Jeff’s Minecraft adventure started with an idea. A big idea. Actually, it started with a conversation, at a dinner table. Jeff Brand is the Father of three children, so when he started toying with the idea of using Minecraft in class, he figured his kids, all avid players of the game, would be a decent testing ground.

Jeff Brand wanted to build his University campus using Minecraft. At the very least he wanted to have a go. He wanted to make a start, take the concept to his students in his Computer Games Industry and Policy class, and ask them to help out.

This idea got Jeff’s kids excited.

“I told them about my idea over the dinner table,” explains Jeff. “They said, ‘you would actually do this in your class?’ I said, ‘yes’. Then they asked, ‘can we help?’.

“I said, ‘please can you help’!

By the time class started Jeff and his three sons had already built the framework of Bond University’s Arch Building. More than enough to introduce the concept to a group of yawning students on their first day back after the summer break.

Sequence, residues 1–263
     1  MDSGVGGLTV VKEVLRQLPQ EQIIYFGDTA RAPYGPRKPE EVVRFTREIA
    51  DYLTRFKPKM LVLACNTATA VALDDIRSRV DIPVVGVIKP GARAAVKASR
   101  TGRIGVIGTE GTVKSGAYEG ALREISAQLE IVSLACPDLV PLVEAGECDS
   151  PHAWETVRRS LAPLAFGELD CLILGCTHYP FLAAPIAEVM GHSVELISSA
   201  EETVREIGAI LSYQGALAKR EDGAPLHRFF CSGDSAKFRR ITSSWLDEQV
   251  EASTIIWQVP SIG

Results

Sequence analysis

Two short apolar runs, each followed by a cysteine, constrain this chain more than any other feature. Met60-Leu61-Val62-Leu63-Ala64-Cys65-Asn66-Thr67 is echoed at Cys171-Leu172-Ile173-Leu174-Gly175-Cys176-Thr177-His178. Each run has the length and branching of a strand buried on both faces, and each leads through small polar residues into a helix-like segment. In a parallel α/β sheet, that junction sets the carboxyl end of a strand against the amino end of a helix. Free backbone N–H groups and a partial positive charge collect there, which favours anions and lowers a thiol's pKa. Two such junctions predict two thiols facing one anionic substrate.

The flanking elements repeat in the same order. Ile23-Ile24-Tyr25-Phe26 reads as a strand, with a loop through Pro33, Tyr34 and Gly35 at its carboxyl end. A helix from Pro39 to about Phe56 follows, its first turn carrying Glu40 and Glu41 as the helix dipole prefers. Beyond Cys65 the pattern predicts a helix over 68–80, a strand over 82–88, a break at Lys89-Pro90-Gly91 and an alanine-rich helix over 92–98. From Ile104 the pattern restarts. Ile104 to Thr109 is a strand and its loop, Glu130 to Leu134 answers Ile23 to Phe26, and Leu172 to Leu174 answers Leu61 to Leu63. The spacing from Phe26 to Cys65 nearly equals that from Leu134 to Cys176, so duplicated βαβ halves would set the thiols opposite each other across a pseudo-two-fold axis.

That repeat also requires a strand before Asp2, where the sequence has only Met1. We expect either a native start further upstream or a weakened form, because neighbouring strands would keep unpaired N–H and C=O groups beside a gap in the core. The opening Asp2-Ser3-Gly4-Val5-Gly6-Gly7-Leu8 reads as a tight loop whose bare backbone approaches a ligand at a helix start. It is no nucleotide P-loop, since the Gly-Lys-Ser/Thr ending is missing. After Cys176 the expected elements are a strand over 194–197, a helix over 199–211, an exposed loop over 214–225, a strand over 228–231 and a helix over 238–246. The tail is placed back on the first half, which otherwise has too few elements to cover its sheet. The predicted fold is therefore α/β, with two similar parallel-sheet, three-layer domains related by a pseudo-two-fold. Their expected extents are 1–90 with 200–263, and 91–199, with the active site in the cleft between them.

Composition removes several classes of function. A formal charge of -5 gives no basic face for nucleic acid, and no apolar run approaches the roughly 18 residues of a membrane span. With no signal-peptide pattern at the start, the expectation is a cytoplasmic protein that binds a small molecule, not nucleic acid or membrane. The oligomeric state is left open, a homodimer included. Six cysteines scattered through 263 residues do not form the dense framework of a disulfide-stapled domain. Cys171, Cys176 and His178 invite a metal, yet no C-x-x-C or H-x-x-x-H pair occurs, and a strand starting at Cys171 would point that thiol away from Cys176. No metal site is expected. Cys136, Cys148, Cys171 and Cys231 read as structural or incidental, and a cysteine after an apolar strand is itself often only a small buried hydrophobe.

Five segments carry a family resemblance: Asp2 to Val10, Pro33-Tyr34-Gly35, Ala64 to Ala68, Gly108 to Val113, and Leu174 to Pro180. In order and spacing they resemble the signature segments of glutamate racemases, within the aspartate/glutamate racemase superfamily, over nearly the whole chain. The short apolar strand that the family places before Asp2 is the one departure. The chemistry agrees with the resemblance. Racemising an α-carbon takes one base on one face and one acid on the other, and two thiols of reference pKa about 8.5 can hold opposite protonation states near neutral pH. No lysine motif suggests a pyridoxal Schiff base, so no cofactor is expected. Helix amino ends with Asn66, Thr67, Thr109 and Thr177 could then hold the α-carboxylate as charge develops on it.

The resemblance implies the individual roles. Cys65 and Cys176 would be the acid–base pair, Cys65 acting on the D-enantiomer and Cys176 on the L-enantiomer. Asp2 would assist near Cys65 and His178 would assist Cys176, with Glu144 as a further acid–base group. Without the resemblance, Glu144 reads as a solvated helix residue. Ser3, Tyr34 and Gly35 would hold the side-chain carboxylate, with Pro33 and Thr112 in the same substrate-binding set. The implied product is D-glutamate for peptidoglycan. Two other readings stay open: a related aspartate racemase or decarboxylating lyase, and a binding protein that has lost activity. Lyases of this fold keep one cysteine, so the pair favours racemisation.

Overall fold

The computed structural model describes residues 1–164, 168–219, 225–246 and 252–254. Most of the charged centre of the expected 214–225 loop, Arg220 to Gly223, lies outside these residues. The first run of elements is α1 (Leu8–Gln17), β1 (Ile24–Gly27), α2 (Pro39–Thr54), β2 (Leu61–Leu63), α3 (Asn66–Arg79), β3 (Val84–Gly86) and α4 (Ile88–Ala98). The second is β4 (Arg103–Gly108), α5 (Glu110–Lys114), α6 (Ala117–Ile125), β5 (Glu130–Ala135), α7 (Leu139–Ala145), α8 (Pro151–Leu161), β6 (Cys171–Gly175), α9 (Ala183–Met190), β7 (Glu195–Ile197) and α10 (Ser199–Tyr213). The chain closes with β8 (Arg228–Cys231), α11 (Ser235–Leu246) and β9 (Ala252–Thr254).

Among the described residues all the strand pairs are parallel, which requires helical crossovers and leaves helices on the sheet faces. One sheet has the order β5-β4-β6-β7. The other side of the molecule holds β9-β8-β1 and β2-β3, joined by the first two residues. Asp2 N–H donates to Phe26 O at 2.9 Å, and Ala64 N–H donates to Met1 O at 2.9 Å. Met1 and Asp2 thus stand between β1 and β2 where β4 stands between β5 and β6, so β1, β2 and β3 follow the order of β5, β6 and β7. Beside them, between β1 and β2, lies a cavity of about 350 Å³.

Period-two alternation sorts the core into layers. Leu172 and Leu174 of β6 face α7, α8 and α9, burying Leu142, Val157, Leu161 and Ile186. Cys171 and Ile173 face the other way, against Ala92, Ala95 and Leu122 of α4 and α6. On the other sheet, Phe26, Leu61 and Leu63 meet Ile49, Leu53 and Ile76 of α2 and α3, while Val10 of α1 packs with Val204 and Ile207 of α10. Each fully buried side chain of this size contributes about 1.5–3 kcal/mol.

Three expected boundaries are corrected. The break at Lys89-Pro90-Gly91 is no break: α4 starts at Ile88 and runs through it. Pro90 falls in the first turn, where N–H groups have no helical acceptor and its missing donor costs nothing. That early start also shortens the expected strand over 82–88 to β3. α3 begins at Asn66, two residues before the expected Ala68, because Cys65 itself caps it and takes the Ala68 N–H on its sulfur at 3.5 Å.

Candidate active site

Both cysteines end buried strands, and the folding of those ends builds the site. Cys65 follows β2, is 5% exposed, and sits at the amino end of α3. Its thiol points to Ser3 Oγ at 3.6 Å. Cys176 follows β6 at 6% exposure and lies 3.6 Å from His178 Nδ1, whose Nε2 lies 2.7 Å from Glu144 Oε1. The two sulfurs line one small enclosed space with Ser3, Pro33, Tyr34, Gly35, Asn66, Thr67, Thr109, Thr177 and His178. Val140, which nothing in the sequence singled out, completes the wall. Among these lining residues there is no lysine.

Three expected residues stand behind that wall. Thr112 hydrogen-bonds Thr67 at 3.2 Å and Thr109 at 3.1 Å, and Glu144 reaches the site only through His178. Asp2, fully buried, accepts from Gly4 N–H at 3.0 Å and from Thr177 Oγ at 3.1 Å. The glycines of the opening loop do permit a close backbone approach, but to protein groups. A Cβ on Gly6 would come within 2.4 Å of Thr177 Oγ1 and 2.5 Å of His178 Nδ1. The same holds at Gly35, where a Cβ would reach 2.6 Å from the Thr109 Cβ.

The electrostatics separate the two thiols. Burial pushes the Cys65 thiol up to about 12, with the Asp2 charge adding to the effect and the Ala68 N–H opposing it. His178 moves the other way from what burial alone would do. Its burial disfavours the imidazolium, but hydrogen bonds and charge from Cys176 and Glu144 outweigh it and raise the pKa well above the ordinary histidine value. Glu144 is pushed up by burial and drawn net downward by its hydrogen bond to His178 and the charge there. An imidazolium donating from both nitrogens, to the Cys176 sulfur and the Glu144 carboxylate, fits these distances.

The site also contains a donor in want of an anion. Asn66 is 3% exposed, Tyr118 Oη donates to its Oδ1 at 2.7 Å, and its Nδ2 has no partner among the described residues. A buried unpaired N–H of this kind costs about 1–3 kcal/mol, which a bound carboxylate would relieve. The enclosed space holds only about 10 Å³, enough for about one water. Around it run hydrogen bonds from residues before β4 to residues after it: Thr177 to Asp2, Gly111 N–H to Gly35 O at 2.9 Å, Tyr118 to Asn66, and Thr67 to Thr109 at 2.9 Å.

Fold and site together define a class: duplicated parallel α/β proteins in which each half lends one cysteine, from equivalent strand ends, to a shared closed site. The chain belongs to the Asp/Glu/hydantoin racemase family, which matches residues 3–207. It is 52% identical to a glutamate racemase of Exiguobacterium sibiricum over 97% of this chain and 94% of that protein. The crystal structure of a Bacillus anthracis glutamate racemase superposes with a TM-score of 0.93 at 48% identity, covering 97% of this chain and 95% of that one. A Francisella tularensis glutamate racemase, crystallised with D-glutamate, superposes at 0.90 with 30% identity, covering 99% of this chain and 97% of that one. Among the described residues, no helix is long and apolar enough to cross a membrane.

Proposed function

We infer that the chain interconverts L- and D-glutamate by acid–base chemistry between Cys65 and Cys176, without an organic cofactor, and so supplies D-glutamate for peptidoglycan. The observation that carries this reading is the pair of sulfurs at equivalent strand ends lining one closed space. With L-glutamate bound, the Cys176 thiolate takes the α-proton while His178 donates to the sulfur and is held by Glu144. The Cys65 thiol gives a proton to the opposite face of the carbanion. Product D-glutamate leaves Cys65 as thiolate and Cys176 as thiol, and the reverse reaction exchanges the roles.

“I told the class, ‘I want to try something different.”

Jeff flicked his slideshow to a picture of the Arch Building as built by Jeff and his three sons. He said, ‘here’s the campus’. They were confused. Then he showed them the world in Minecraft itself.

“Here’s what I want you to do,” he explained to the class. “I want you to build the campus. Then, eventually, we are going to hold a class in there.”


“We were all like, yes! We get to play Minecraft in class!”

Jeremy Orr is a student in Jeff Brand’s class. He was intrigued. Alongside a group of students at Bond, Jeremy was engrossed in Minecraft long before the genesis of Brand’s concept. The task of building Bond University “energised” him. Before he knew it his group was spending hours walking around Bond for “research”.